Using Bilingual or Multilingual Labels and Signs to Maximize Safety

By Clarion Safety Systems | 24th Jan 2019

Bilingual Safety Visuals

Using Bilingual or Multilingual Labels and Signs to Maximize Safety
What Spanish is to Latin America, English is to North America – far and away the most common language. Despite this, here's another fact of the matter: America is linguistically diverse, evidenced in Census reports and the languages spoken at home, a trend that business owners increasingly must account for to more effectively communicate safety.

To say that more families in America are bilingual is a massive understatement. For instance, in 2015 – with an estimated 63.2 million residents in the U.S. – roughly 1 in 5 spoke a language other than English at home, according to analysis from the Center for Immigration Studies (CIS). That's up 3.6 percent from 2010.

Two years later, non-English languages are even more common within the confines of home. Indeed, 66.5 million residents age 5 and above spoke two or more languages - two times the total from 1990. Confined to America's five largest cities, nearly half of their respective populations speak something aside from English. Additionally, in dozens of cities, the vast majority of locals speak multiple languages, topping 90 percent in Laredo, Texas, 90 percent in East Los Angeles and 95 percent in Hialeah, Florida.

Spanish Speakers in the U.S. – And the Advantages of Diversity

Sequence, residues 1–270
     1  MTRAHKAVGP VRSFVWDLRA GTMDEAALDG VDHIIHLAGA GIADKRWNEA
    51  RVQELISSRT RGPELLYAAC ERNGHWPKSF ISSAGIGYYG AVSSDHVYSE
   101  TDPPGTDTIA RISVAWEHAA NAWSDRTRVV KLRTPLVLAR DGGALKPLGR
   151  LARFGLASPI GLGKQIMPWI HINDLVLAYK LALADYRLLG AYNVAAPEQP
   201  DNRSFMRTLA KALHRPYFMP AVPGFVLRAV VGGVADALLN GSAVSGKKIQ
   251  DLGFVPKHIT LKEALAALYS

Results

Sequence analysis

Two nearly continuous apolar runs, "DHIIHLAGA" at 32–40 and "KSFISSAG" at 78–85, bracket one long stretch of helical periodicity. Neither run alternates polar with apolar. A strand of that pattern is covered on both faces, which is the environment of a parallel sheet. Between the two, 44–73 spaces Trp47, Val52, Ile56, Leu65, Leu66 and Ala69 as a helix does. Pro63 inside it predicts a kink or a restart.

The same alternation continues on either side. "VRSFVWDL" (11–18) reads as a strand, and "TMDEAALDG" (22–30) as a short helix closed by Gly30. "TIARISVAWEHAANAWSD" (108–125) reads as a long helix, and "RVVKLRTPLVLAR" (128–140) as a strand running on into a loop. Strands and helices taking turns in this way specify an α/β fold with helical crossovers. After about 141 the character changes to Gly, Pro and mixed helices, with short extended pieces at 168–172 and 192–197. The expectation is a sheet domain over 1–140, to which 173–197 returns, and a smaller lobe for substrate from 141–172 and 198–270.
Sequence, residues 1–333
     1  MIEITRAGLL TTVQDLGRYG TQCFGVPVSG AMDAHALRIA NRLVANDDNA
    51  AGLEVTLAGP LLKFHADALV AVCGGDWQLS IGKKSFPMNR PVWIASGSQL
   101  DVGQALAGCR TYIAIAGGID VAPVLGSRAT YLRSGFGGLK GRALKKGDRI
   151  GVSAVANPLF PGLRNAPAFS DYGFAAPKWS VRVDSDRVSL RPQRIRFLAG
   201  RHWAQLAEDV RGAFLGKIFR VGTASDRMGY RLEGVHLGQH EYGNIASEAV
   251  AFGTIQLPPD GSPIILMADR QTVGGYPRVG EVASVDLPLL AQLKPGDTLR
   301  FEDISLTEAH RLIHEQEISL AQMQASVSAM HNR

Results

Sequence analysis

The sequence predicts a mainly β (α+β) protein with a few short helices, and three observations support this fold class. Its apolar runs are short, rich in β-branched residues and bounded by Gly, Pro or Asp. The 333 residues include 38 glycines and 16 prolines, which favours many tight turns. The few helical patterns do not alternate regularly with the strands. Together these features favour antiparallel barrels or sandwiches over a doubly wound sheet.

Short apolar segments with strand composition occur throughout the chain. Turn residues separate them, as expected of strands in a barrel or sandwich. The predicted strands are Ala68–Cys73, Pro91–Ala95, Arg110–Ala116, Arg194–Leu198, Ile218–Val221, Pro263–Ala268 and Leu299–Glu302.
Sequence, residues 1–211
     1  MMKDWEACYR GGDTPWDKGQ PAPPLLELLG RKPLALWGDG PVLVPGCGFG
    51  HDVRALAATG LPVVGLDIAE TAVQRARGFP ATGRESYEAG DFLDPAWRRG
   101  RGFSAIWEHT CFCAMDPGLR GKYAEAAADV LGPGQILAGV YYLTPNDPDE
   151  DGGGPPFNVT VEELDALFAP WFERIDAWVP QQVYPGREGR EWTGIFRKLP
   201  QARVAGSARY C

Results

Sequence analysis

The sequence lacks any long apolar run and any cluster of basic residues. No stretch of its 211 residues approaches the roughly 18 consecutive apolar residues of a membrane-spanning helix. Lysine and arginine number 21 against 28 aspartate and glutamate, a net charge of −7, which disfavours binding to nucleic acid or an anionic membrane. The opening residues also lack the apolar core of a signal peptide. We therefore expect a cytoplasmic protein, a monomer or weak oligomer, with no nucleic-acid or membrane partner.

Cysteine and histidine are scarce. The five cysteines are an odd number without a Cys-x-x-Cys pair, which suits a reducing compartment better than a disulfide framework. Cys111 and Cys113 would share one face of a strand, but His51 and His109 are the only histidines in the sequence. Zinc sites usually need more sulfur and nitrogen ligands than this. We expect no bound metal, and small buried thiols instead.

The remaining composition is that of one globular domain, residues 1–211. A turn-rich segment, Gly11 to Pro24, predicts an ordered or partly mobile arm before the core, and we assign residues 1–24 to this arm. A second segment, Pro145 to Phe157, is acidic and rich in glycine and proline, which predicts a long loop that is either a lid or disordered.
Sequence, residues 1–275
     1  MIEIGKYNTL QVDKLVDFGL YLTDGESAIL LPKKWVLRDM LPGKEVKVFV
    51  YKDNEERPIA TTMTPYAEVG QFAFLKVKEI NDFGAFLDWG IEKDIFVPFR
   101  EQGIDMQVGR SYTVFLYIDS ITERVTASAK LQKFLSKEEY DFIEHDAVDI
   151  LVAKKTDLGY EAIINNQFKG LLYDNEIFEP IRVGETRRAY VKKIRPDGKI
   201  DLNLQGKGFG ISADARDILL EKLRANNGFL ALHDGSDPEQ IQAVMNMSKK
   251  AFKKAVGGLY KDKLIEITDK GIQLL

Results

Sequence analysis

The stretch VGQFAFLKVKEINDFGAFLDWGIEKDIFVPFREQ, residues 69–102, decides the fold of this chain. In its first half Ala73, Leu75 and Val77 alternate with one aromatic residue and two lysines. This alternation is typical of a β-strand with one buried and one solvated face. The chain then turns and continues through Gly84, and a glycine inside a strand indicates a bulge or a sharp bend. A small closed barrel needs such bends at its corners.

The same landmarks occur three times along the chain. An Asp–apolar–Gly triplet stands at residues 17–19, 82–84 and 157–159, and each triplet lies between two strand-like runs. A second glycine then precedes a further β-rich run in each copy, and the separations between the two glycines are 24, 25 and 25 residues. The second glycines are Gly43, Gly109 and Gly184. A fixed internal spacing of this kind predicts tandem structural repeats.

Given that a significant portion of the U.S. population has Hispanic roots, it likely comes as no surprise that Spanish is No. 2 to English in terms of the top languages. Indeed, Spanish speakers rose by 4 million between 2010 and 2017, according to the CIS. But other less common languages have made similar inroads, with Telugu up 86 percent over the same span, Arabic and Hindi rising 42 percent each and Urdu increasing by approximately 30 percent.

A more diverse workplace isn't only a reality, but may be an advantage over competitors. Millennials are more likely to apply with companies that show evidence of inclusiveness. In a separate study conducted jointly by the Institute for Public Relations and Weber Shandwick, approximately 47 percent of millennials said they considered diversity and inclusion a key component in evaluating businesses during the job hunt. This compared to 37 percent of baby boomers who felt similarly and 33 percent of Gen Xers.

Europe’s Diverse Workforce
Multicultural workforces aren't unique to the U.S., of course. They're increasingly common throughout the world. For example, a European Commission study found that a majority of Europeans – 53 percent – spoke more than one language on the job and 45 percent felt their bi- or multilingual capabilities enabled them to land a better job as a result.

In some countries, speaking in more than one language is nearly unanimous, found among 99 percent of citizens in Luxembourg, 97 percent of Slovaks and 95 percent of Latvians, the aforementioned study revealed.

Why Safety Incidents Occur
Communication is key to understanding. When it breaks down, signs get missed and accidents occur, resulting in minor injuries at best to fatalities at worst. According to the National Safety Council, workplace injuries occur once every seven seconds, nearly every one of them avoidable.

Although there are many strategies to reducing these incidents on the job, posting safety signs and labels in languages other than English is a great start. Here are a few key steps to ensure your workers of all backgrounds remain fully aware of accidents waiting to happen – and you stay in compliance with best practices and regulations.

  • Use Bilingual and Multilingual Safety Labels and Signs